1. if I set Rec.709 in Working space, which profile should I use for calibrating the monitor itself?

2. Mac OSX is unable to handle more than 8-bit per channel video signal to the monitor, so what is the advantage of use a 10-bit (or more) grading monitor?

Thanks a lot.


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Walter SoykaRe: Working space and Simulate Output
by on May 11, 2013 at 2:35:47 am

[Adriano Castaldini] "1. if I set Rec.709 in Working space, which profile should I use for calibrating the monitor itself?"

You should get a probe like the Xrite i1 Display Pro I mentioned before and create a custom profile for your monitor.

The standard profiles may not represent how your monitor actually reproduces color.


[Adriano Castaldini] "2. Mac OSX is unable to handle more than 8-bit per channel video signal to the monitor, so what is the advantage of use a 10-bit (or more) grading monitor?"

You can exploit a 10-bit grading monitor on a Mac if you use a video I/O card and connect via HD-SDI.

It should be an embarrassment to Apple that they still don't offer 10-bit color support in the year 2013. It works beautifully on my Z800 with Windows 7, a Quadro 6000 and a pair of HP zr30w monitors connected via DisplayPort.

Walter Soyka
Principal & Designer at Keen Live
Motion Graphics, Widescreen Events, Presentation Design, and Consulting
RenderBreak Blog - What I'm thinking when my workstation's thinking
Creative Cow Forum Host: Live & Stage Events


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Walter SoykaRe: Working space and Simulate Output
by on May 11, 2013 at 2:15:02 am

[Adriano Castaldini] "So, which are the advantages of activating a Color Working Space in the Project Settings? (When I choose Rec.709 nothing apparently changes in footage's colors.)"

This enables color management.

Two different color spaces may use the same RGB values to represent different colors, and/or they may use different RGB values to represent the same color. When you enable a working space, After Effects translates the colors from their native color profile (defined in Interpret Footage) into the working space, changing RGB values as necessary to preserve the appearance of the color. All manipulations are performed in this common space, then the working space may be optionally translated to one space for displays and yet another for output.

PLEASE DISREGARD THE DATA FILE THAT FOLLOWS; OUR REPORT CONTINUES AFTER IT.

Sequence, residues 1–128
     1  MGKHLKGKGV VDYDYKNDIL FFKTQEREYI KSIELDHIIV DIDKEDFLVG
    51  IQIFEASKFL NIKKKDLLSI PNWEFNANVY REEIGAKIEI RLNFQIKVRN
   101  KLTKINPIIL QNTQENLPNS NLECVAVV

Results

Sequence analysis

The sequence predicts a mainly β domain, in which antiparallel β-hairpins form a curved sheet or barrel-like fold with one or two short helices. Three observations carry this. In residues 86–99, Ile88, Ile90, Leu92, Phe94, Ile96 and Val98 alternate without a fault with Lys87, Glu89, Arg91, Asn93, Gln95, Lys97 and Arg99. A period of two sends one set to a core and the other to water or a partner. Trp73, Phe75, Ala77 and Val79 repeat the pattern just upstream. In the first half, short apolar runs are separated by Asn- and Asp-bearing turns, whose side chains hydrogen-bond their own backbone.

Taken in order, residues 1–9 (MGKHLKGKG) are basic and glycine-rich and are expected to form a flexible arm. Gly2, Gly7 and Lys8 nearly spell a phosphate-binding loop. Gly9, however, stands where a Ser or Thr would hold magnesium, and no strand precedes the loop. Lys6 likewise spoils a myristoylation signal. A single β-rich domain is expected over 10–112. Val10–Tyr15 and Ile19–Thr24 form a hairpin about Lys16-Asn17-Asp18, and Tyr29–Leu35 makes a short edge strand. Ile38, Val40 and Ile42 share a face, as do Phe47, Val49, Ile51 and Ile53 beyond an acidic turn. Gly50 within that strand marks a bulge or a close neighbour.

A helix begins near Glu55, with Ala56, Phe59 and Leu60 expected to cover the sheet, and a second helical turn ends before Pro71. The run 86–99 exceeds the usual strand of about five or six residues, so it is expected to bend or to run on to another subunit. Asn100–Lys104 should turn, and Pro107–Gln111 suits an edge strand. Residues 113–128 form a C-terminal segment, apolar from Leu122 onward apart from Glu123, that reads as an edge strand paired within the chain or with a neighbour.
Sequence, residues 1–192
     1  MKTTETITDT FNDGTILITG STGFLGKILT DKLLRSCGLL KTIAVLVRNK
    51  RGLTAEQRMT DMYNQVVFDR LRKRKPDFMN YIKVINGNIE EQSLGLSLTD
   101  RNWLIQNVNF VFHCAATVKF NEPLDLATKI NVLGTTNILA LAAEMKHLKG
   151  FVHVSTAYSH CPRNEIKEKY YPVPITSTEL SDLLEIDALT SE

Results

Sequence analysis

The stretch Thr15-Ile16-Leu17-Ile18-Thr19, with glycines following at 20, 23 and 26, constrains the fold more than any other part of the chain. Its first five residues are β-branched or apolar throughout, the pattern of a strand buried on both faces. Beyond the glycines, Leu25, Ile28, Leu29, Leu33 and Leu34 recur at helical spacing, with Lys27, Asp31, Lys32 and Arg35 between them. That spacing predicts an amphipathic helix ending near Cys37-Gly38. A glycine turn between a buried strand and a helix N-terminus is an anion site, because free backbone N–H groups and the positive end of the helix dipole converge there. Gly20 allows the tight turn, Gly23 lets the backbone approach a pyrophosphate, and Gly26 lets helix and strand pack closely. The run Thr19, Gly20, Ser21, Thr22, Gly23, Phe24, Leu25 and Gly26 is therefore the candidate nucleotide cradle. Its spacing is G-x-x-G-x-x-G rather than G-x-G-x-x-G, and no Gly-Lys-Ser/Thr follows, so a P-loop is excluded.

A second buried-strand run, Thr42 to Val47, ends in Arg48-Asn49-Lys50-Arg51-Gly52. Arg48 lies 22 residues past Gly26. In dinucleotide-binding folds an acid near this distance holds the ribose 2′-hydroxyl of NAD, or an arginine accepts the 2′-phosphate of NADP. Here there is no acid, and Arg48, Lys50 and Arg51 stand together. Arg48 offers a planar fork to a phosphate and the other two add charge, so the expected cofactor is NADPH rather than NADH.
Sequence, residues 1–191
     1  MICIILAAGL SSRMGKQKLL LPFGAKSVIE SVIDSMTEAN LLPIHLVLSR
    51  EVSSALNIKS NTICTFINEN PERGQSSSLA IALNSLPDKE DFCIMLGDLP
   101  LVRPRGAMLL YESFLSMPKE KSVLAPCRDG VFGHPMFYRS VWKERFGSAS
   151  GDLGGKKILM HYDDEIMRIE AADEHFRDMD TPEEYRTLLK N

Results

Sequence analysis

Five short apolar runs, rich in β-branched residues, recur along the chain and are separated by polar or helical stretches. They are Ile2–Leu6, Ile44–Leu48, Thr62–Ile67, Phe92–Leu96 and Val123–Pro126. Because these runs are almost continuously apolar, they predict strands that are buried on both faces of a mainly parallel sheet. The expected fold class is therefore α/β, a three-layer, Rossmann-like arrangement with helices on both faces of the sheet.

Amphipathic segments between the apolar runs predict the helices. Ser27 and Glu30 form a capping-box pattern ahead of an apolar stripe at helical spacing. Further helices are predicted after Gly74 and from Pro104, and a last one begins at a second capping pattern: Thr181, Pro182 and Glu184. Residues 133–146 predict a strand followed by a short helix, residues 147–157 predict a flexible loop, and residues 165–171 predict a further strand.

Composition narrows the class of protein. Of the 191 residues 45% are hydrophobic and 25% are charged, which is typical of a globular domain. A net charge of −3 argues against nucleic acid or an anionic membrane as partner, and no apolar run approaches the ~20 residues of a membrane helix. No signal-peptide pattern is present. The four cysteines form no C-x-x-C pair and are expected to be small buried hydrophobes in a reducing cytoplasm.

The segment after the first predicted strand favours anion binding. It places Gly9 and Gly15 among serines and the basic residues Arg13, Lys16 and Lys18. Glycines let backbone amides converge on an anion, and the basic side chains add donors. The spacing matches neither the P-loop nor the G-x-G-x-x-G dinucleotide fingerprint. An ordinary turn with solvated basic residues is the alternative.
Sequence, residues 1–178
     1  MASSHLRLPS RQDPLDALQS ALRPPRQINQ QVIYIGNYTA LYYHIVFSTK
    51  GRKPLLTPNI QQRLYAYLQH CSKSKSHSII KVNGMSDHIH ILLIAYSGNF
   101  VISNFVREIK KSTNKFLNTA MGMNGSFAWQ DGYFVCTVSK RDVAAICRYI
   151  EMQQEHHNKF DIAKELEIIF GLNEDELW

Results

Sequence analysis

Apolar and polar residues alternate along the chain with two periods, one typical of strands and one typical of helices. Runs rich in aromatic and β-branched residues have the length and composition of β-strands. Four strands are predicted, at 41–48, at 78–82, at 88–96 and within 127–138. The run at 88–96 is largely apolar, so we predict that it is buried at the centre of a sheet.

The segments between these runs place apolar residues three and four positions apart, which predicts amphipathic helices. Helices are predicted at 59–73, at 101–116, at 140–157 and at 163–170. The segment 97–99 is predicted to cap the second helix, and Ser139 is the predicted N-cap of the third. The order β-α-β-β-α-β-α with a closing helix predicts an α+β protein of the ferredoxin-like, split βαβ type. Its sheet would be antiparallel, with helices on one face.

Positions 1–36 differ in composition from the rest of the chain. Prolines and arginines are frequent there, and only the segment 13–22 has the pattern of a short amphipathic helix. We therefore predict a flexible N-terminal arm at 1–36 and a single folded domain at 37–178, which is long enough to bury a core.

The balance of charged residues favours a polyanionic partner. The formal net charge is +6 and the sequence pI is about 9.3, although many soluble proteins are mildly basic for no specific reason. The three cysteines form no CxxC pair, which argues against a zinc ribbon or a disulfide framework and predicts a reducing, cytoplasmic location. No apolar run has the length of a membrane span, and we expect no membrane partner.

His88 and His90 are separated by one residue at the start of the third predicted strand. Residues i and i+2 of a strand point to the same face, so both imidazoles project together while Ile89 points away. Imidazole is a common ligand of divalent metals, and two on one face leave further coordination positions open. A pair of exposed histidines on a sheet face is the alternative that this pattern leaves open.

When all your sources are in the same color space as your output (for example, all Rec. 709), color management has no effect (because no colors require translation). When you have sources of mixed profile, or if your output doesn't match your input, then color management ensures that your colors are accurate and consistent throughout your workflow.

Here's a link to Adobe's color management workflow whitepaper [link]. It's a good overview of Ae's color management system. The article mentions CS4 specifically, but the content still applies in CS6 and CC.

Walter Soyka
Principal & Designer at Keen Live
Motion Graphics, Widescreen Events, Presentation Design, and Consulting
RenderBreak Blog - What I'm thinking when my workstation's thinking
Creative Cow Forum Host: Live & Stage Events


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Adriano CastaldiniRe: Working space and Simulate Output
by on May 22, 2013 at 2:34:55 pm

Sorry, but I still don't understand a thing:
Up to now OSX can't output 10-bit video signal, so we can handle only 8-bit video signal.
So...
1. does this mean that we CAN handle 10-bit video signal through i.e. the Blackmagic UltraStudio Mini Monitor device?
Or...
2. does this mean that even with Blackmagic devices I can only handle 8-bit video signal?

Thanks